Claire loves her son more than anything, but is already thinking about how it might help her campaign for Governor. Hank, who is now an innocent man, is released from prison immediately, a chip on his shoulder bigger than the state penitentiary. And Nina, who put Hank away, has to revaluate everything she thought she knew. But the first order of business is to find out who was holding Adam captive for twelve years and arrest him. So a new manhunt begins. But are they going to find anyone? Or is Adam even telling the truth?
One of the things I’m starting to notice about TV is that if your hook is either non-existent or short-lived (today’s hook, while cool, is essentially limited to the first episode), then the characters themselves have to be “bigger” in some way. Adam isn’t coming back to a normal boring everyday family. Instead, his mother is the Mayor. Because of that, everything that happens with Adam feels “bigger” because it’s happening on a bigger stage. If this were some poor family nobody cared about living in a trailer, the pilot’s going to feel pretty tiny and meaningless.
Another thing that’s becoming apparent to me the more TV I watch is the importance of exploring multiple characters in-depth. In features, you’re so focused on “Main Character” “Main Character” “Main Character” – and rightfully so. The main character in a feature has to be powerful and active enough to propel the story through a limited run time.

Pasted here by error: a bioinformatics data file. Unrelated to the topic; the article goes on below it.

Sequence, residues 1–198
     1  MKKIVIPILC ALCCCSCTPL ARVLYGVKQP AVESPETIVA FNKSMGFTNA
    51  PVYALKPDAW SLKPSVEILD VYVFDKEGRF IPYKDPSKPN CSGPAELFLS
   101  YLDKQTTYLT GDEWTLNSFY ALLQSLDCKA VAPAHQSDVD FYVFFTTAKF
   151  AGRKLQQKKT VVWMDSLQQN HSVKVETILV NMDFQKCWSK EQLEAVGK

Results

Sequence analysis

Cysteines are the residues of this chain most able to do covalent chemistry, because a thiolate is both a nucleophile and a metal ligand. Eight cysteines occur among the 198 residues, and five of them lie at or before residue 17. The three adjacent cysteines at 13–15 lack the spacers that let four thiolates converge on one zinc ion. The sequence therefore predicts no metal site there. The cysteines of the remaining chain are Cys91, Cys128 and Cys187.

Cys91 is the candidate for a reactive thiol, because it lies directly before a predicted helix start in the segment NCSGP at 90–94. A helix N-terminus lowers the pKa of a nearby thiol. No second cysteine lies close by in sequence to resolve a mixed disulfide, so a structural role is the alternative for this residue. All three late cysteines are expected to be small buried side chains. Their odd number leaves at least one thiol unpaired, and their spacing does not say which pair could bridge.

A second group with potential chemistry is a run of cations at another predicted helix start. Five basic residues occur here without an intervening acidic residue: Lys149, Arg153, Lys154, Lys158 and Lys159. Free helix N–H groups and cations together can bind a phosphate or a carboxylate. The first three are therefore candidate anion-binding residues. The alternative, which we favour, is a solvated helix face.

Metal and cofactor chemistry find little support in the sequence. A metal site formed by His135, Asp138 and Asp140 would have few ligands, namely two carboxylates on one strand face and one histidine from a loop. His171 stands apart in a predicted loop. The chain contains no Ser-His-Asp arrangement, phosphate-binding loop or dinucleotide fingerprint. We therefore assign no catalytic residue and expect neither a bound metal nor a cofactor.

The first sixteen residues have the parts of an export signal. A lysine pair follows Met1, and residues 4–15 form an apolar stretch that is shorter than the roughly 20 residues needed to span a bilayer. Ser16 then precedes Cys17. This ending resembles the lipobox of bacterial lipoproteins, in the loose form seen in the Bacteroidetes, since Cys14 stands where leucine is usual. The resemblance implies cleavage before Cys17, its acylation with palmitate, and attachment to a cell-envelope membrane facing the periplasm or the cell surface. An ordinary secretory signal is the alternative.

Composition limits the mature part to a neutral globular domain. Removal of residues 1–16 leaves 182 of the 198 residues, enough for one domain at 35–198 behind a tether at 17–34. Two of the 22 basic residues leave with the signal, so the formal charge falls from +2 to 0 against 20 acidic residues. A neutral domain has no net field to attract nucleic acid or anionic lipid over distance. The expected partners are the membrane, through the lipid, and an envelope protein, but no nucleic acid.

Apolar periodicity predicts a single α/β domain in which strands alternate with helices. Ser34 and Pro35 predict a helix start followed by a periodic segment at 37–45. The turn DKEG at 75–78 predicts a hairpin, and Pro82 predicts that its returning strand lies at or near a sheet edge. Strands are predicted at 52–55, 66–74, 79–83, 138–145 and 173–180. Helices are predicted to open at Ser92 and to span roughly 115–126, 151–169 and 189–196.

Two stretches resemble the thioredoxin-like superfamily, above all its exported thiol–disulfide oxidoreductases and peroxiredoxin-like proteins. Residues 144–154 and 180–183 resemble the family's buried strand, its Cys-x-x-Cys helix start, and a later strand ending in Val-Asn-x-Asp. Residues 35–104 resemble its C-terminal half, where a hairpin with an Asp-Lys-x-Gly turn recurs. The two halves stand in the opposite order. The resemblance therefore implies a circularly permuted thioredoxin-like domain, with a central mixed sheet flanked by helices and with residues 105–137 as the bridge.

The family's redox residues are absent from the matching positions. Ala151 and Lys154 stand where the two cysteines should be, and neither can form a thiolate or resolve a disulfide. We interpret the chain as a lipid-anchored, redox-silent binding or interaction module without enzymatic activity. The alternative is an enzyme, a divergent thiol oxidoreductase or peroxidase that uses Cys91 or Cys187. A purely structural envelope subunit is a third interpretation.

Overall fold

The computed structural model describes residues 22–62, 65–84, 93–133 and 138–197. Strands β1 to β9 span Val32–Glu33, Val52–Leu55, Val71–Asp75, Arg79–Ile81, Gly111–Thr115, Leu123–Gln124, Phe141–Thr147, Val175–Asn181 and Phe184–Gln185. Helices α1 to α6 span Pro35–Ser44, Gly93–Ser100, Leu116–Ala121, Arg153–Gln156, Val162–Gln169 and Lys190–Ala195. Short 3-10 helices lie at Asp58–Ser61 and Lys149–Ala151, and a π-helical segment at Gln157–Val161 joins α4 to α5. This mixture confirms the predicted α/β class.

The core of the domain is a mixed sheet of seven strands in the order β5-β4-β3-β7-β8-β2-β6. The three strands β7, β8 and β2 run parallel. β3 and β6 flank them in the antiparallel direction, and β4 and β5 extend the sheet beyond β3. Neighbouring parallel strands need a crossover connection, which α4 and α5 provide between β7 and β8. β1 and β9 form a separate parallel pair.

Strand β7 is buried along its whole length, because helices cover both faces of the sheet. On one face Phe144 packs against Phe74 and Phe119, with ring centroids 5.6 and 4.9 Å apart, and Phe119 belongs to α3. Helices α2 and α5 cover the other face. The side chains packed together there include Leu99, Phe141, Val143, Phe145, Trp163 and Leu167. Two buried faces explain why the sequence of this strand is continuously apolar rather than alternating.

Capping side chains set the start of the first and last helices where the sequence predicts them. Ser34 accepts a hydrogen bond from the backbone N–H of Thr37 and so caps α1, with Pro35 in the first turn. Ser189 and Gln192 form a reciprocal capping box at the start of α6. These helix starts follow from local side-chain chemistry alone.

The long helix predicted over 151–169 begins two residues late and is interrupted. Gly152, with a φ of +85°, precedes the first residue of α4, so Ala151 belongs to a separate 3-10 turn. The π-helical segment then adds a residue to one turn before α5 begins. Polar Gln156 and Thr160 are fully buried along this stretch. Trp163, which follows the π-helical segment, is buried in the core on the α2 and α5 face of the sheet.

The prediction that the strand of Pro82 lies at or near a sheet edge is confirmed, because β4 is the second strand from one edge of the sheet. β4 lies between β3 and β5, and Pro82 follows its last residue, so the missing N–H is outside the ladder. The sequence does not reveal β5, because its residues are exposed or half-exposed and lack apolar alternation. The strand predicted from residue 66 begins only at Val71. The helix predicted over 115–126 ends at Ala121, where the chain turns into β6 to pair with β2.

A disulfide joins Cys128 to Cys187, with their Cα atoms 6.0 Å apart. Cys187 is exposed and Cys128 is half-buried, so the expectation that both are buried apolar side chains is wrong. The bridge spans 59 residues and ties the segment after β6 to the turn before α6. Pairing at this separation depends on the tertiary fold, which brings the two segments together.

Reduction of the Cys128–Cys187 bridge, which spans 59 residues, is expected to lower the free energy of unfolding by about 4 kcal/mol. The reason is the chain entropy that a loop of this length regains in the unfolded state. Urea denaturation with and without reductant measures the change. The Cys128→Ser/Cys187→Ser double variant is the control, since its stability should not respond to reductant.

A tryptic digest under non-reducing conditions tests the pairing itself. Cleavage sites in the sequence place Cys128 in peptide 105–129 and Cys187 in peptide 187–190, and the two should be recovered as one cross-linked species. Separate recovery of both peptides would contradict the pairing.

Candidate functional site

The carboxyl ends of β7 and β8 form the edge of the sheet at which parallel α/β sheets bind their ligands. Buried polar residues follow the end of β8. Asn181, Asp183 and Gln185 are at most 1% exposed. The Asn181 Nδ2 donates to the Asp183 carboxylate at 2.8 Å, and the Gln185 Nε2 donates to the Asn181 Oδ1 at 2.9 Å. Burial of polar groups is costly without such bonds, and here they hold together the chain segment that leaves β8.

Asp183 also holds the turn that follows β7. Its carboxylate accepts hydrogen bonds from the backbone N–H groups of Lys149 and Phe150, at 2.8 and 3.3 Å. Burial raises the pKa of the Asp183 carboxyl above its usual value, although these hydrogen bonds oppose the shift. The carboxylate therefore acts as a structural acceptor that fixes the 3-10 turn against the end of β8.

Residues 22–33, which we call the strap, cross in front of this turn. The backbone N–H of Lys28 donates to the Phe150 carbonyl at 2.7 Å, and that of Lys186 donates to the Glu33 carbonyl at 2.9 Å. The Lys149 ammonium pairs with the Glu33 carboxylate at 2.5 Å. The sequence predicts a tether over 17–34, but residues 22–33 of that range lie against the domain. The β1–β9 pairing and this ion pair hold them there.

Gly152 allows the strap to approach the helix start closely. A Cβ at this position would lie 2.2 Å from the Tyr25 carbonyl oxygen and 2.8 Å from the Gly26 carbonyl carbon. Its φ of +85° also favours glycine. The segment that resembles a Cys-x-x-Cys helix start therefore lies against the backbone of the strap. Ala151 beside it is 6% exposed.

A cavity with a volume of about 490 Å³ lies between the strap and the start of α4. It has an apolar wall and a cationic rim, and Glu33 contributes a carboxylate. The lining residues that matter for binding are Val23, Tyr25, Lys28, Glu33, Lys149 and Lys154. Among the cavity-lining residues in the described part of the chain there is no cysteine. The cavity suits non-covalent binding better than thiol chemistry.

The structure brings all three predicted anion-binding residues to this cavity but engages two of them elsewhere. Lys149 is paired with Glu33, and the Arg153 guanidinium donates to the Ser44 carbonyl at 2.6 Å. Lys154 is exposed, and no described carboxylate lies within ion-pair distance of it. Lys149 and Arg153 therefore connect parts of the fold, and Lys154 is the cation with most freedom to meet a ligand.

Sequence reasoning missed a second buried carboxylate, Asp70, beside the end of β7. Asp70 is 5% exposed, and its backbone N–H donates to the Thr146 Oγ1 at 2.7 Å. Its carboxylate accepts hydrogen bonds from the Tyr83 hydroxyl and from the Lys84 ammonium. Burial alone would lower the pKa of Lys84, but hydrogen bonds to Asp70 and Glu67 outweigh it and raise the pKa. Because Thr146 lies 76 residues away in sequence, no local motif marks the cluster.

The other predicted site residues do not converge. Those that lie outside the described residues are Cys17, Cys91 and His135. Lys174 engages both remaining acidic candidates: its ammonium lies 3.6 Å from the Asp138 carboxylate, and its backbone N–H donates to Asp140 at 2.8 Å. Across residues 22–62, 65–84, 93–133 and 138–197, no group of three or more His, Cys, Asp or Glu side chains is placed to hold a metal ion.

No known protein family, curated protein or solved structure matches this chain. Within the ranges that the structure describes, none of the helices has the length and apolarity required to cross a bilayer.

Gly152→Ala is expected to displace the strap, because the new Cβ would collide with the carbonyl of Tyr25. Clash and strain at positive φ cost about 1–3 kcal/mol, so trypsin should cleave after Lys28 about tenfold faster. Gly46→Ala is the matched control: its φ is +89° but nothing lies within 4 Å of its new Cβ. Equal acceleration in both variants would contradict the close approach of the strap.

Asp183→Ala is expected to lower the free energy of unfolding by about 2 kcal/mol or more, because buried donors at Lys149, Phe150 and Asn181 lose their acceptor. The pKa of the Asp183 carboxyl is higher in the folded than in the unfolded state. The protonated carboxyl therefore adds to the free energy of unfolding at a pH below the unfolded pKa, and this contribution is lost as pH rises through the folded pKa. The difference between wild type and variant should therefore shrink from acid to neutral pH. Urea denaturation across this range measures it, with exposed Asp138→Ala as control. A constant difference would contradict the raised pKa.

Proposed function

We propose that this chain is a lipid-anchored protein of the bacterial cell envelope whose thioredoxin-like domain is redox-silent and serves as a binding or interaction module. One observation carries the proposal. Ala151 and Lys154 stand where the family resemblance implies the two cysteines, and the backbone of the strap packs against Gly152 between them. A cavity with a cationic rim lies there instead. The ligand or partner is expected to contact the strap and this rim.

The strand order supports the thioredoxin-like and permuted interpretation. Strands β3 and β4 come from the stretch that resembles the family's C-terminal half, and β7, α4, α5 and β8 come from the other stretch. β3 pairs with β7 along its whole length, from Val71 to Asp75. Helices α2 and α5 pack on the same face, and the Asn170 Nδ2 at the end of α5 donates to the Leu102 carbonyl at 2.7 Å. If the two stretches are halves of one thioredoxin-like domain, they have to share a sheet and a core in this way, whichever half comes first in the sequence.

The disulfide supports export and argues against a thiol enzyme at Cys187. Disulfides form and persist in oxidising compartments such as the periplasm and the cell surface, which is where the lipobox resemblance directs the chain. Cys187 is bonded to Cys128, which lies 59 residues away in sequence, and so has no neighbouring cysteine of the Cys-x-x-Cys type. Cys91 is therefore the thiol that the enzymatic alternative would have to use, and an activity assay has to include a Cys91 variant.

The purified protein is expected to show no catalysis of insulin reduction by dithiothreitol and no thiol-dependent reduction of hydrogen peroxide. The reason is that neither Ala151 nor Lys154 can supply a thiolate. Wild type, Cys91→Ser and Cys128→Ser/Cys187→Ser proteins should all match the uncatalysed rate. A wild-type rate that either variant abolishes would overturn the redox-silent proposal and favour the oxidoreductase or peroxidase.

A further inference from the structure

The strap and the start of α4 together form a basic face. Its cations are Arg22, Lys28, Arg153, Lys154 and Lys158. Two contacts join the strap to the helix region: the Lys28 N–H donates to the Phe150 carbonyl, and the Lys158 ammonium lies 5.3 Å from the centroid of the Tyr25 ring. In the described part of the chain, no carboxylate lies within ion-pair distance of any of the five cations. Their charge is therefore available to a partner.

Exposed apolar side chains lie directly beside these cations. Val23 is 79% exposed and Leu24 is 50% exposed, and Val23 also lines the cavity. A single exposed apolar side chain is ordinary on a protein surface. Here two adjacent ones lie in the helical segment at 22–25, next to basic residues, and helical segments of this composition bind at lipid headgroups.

But in TV, and even in the pilot, you have to show that you’re ready to explore multiple characters on an intense level. So we don’t just get scenes following Claire. We get scenes following Nina, who stands outside the courthouse when Hank’s released, wondering what the hell she’s done. We get scenes with Hank, who walks down the noisy glow of an American mall for the first time in 12 years.
One of the questions most producers will ask with a pilot is “Does it have legs?” Is this a story that can take place past a few episodes? One of the ways you achieve this is through multiple character exploration in your pilot. Give these characters their own scenes (not just scenes when they’re around your main character). Show us what they’re struggling with so we can anticipate what will happen in later episodes. For example, when I see Hank walking through that mall, looking at the small children, I know he’s a grenade waiting to explode. I can see that happening in episode 5, or 10, or 15.
Then there’s Nina. Her whole career has been built on being perfect. This screw-up now puts all of that in doubt. And you sense that that’s going to eat at her. So again, I’m anticipating I’m going to see this girl fall apart, or at the very least struggle through some tough shit before she gets her perp.
Finally there’s the family. Claire and Peter have built an industry on the loss of their child. How do you now keep those careers going when the child has returned? Add on top of that the mystery box that is Adam himself. Is he really their kid? If he is, why does he seem to be hiding something? These are the things that tell me there’s more to this show than a pilot.
All in all this feels like a cross between Gone Girl and Little Children. The big glossy national coverage angle of a missing person case mixed with that dark eerie look at a rich suburb’s underbelly. That sounds like a cool show. I hope it lives up to the script.
[ ] what the hell did I just read?
[ ] wasn’t for me
[xx] worth the read
[ ] impressive
[ ] genius
What I learned: Flesh and Blood jumps back and forth in time a lot (we keep going from the present to the past, when Adam was taken). If you’re doing constant flashbacks in your script, consider italicizing the past stuff. It’s visually VERY HELPFUL to the reader. When the writer doesn’t do this, I occasionally find myself confused about if I’m in the past or present, which can totally screw up my interpretation of the story. It is a risk though. Some readers don’t like the eye-strain italics cause. So proceed with caution!